THE BLOG

The Kind of Government Canadians Ignore

06/04/2013 12:25 EDT | Updated 08/04/2013 05:12 EDT
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Ottawa, Ontario, Canada.

Do you know why Canadians are not interested in municipal politics? It is because they don't know much about it.

How can we reverse this trend? Provide Canadians with knowledge.

It is often said that municipal governments touch the lives of Canadians more directly than provincial or federal governments, yet Canadians appear to be dramatically less aware of their local government affairs than they are with their provincial and federal governments.

Municipal voters turnout is also significantly lower.

Here are examples of the functions that municipal governments are responsible for: roads, public transportation, water and most times electrical utilities, garbage disposal, libraries, community centres, parks, urban planning, commercial and residential zoning permits, policing, fire departments and commercial and residential property taxes.

Such a list reminds us how relevant municipal or regional governments are to our daily lives.

Despite their significant role, municipal governments appear to receive the least amount of attention from the media, (notwithstanding the recent media frenzy regarding the Rob Ford alleged crack video scandal.)

Media organizations tend to dedicate a lot of resources to cover provincial and federal governments. Their journalists are mandated to investigate hot files and constantly report on the administration of government. Journalists, at times, are more effective in exposing controversial subjects than opposition parties and are able to hold governments accountable to their citizens.

Since municipal and regional governments tend to have smaller audiences, investigative journalism is almost absent. Outside of superficially covering day-to-day city council activities, the media allocates little resources to dig deeper into local government affairs.

Provincial and federal governments tend to have independent watchdogs like auditor generals, independent commissioners reporting to parliament, ombudsmans and quasi-judicial agencies that evaluate and verify the conduct of governments. Those offices have independent authorities that empower them to investigate and publicly report on government business. They are empowered to initiate their own examination or respond to citizens' complaints. They are expected to operate without political bias or interference.

Municipal and regional governments have very few, if any, independent watchdogs. The lack of independent watchdogs over municipal governments is a serious problem.

Watchdogs can provide citizens and media with information on matters such as value for money, financial safeguards, conflict of interest, governance, transparency and quality of services provided.

It is true that municipal governments perform their affairs publicly. However, only highly interested citizens spend their time attending council meetings or reading their minutes.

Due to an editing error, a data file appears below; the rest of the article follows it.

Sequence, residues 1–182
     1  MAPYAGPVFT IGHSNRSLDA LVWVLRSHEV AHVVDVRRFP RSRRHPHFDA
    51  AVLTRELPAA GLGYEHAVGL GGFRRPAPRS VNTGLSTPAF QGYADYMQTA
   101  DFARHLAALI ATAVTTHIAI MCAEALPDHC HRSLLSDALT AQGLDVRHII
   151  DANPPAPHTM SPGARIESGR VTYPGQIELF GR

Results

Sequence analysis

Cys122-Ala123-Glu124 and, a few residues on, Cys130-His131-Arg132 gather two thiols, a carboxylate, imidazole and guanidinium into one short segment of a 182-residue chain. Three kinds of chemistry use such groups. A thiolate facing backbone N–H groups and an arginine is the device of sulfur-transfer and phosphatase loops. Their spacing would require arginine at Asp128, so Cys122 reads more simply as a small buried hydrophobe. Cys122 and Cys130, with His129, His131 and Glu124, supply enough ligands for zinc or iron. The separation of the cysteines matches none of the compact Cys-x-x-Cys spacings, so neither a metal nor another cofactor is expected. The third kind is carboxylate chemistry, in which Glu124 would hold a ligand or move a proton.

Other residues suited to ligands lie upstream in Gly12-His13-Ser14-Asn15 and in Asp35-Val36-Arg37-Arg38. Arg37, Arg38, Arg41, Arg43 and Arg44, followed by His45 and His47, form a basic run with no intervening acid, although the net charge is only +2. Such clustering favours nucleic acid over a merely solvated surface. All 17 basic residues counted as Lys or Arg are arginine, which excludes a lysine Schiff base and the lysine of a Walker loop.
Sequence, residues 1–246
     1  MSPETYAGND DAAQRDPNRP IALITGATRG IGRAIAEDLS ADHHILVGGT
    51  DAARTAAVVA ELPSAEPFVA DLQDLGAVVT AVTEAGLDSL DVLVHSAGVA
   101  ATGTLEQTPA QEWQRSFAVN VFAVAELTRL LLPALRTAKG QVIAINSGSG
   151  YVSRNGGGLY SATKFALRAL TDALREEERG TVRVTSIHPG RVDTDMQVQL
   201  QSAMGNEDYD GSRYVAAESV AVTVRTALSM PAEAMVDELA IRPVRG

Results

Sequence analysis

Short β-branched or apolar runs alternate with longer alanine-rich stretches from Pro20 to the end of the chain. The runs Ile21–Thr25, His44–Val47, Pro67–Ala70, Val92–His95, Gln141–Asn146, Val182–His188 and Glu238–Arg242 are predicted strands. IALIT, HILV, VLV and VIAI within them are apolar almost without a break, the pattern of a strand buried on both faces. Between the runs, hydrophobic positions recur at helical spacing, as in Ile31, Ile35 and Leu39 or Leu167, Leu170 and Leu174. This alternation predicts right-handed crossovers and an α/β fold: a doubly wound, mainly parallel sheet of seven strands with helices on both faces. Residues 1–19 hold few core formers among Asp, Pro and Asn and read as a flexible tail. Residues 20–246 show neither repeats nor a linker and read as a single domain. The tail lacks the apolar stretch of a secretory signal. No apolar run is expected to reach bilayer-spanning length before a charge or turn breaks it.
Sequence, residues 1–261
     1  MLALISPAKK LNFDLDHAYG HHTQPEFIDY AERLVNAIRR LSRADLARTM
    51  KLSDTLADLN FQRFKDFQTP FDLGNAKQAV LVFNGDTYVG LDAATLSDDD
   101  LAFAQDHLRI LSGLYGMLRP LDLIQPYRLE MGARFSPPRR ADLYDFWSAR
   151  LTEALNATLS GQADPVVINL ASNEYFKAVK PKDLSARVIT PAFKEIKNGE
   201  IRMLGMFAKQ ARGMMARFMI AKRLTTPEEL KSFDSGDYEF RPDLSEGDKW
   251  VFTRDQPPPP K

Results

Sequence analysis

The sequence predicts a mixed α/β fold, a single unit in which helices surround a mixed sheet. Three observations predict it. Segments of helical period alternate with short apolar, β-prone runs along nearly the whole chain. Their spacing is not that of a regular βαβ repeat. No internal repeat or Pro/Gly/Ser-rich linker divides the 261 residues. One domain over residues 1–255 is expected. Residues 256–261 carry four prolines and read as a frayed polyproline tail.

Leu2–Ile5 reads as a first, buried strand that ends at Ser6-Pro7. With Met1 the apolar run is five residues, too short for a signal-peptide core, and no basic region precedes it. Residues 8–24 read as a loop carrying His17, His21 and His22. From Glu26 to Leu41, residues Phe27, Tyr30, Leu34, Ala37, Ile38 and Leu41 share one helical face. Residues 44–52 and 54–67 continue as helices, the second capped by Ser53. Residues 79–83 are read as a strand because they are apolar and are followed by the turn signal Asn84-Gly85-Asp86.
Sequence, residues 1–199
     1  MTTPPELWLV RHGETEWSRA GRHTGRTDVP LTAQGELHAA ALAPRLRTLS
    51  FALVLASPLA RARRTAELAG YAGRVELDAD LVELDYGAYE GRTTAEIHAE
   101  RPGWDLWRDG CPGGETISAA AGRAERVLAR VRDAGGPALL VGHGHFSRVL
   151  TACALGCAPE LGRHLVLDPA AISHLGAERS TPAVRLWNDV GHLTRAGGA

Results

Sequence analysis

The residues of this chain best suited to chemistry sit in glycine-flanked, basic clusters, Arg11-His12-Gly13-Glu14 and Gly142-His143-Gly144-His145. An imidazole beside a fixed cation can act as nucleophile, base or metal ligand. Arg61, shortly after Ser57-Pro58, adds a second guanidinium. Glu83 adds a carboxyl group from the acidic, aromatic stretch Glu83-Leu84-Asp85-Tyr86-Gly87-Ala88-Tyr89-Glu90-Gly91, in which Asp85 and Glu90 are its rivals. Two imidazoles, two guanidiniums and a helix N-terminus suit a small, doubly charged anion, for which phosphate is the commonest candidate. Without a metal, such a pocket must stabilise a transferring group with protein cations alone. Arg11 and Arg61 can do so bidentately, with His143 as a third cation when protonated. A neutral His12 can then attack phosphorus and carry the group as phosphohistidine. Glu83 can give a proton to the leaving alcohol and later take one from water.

Most Canadians are busy with their daily life and don't have ample time or the expertise to examine decisions made by their governments. So when they don't hear much about the conduct of their municipal government, they don't reach out to their municipal representative to offer their feedback, until years later after the fact when government decisions have been implemented.

The more informed citizens are, the more engaged they become in the affairs of their governments and the wiser they are when choosing who to represent them.

Perhaps that is why less Canadians vote in municipal elections than they do in provincial and federal elections.

One possible reason why municipal governments don't have watchdogs is that they run small budgets and the cost of funding independent commissioners may be prohibitive.

Since municipal governments are creatures of their provincial government, provinces should consider establishing offices such as municipal auditor generals to be jointly funded by the province and a pool of municipal governments that can share the services provided by their offices.

The need for municipal watchdogs is not to suggest that municipal politicians are more prone to corruption or that municipal civil servants are not conducting their responsibilities honourably. Most elected councillors and municipal officials believe passionately in public service and care deeply about their communities.

But the reasons why we have independent watchdogs over provincial and federal governments are not because we believe provincial and federal politicians and civil servants are inherently corrupt. Those institutions are created out of our fundamental belief that democracy works best when citizens are provided with independent sources of information about the status of their governments.

Democratic governments work best when accountable. Accountability is best achieved through transparency. Transparency require providing voters with access to full information through non-partisan and credible sources.